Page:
Donald Edwin Westlake was an American writer with over a hundred novels and non-fiction books to his credit. He specialized in crime fiction, especially comic crime capers, but he also wrote science fiction. His SF/fantasy writing includes over 30 short stories written between 1954 and 1984 — some of which were collected in The Curious Facts Preceding My Execution and Other Fictions (1968) and in Tomorrow's Crimes (1989) — and the novels Anarchaos (1967/as by Curt Clark), Humans (1992), and Smoke (1995).
Westlake wrote under several pseudonyms, including Richard Stark, Tucker Coe, Samuel Holt, Edwin West, John B. Allan, Judson Jack Carmichael, Timothy J. Culver, J. Morgan Cunningham, Sheldon Lord, Alan Marshall, and the already mentioned Curt Clark. Most of his SF was written under his own name. He was also an occasional contributor to SF fanzines, including Xero.
His SF short stories appeared in such SF magazines as Amazing ("Meteor Strike"/November 1961), Astounding ("Look Before You Leap"/May 1962), The Magazine of Fantasy & Science Fiction ("Hydra"/March 1984), Galaxy ("The Earthman's Burden"/October 1962), Science Fiction ("Flurocarbons Are Here to Stay"/March 1958), If ("Call Him Nemesis"/September 1961), and Universe Science Fiction ("Or Give Me Death"/November 1954).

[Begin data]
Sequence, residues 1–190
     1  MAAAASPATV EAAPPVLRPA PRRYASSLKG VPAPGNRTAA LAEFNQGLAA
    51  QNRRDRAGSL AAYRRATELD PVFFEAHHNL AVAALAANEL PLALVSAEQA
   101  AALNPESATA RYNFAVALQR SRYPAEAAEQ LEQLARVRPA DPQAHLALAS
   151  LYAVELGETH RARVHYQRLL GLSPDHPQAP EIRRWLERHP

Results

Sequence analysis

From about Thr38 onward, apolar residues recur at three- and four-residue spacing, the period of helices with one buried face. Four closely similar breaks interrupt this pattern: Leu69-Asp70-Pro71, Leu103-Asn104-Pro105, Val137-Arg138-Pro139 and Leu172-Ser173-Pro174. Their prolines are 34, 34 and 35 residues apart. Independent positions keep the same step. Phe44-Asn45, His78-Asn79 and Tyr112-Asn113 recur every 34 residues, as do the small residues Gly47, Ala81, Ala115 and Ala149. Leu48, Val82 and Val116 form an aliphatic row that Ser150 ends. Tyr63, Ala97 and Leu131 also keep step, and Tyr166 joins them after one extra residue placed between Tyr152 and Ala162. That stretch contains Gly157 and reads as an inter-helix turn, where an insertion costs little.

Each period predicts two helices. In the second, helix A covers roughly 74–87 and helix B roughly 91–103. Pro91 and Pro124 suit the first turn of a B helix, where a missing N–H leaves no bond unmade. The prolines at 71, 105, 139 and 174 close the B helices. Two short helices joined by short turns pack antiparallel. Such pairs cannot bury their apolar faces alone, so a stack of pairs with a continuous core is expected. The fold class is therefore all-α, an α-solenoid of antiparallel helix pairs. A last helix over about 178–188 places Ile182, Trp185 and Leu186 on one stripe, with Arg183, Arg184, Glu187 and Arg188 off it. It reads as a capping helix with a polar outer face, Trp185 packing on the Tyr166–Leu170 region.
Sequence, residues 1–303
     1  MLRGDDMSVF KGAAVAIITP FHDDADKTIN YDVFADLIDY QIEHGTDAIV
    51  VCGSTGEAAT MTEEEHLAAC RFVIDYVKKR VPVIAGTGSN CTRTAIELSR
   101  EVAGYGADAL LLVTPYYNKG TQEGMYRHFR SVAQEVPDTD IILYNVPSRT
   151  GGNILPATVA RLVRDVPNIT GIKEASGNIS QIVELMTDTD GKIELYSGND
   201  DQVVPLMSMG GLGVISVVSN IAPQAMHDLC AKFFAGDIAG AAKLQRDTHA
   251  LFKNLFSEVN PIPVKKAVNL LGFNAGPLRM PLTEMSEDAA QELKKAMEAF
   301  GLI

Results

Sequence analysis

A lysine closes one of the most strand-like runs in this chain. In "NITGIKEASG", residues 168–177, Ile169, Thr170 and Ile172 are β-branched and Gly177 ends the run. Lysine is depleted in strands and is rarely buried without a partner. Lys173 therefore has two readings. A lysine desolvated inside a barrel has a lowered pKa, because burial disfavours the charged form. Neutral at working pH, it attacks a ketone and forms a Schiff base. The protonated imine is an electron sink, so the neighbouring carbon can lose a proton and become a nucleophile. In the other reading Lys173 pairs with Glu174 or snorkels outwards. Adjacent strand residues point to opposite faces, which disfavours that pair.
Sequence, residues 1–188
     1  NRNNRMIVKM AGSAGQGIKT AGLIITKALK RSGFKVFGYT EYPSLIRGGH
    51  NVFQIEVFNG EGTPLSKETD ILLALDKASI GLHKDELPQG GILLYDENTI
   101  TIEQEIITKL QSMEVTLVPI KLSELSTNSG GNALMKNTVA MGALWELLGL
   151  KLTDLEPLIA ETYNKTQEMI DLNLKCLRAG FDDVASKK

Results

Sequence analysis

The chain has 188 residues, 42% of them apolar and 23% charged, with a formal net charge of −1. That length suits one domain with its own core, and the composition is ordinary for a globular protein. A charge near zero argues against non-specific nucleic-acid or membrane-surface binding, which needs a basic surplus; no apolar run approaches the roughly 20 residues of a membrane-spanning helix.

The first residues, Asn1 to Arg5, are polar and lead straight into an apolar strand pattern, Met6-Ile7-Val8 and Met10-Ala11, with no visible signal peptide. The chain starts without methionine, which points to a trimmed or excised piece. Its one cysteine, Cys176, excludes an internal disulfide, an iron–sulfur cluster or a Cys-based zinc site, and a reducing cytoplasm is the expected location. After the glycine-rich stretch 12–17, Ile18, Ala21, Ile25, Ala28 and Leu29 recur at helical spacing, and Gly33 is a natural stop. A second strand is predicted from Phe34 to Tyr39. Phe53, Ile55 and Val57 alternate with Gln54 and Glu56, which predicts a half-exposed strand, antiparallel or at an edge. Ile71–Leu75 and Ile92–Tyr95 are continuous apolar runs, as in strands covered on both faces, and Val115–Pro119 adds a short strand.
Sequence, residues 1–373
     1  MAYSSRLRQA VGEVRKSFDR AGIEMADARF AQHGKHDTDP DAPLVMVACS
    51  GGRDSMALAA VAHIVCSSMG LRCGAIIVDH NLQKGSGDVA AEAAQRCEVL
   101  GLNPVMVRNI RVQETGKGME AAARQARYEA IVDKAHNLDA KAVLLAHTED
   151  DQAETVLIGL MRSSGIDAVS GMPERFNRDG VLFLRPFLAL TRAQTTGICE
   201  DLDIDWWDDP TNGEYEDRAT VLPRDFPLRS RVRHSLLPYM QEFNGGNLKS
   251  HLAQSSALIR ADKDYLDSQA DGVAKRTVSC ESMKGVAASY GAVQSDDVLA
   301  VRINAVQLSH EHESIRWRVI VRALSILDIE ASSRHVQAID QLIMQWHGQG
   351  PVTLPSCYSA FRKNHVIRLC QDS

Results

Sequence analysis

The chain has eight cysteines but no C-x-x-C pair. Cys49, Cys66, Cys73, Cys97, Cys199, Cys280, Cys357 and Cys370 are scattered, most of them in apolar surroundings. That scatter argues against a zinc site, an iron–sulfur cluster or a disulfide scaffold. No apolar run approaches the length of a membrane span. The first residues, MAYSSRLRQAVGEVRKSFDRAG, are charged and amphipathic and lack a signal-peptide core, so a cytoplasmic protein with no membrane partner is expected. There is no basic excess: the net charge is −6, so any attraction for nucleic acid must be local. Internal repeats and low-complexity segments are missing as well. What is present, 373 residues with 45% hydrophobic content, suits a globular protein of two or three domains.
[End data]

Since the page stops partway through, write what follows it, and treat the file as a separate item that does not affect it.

His stories were reprinted in Elsewhere and Elsewhen ("The Earthman's Burden," edited by Groff Conklin, 1968), 100 Great Science Fiction Short Stories ("The Question," edited by Isaac Asimov, et al., 1978), and in Mysterious Visions ("The Winner," edited by Charles G. Waugh, et al., 1979).
Westlake's mystery fiction is highly thought of, especially his John Dortmunder series, but his SF has not received much critical notice. In an interview in the 1990s, he was asked why he no longer wrote SF. He replied: "I've been out of sf 8 years. If was too hidebound, conservative, and Campbell-ridden. Probably still is."
Westlake once stated that the main subject of his stories was bewilderment.
See http://www.sf-encyclopedia.com/entry/westlake_donald_e for more on his career.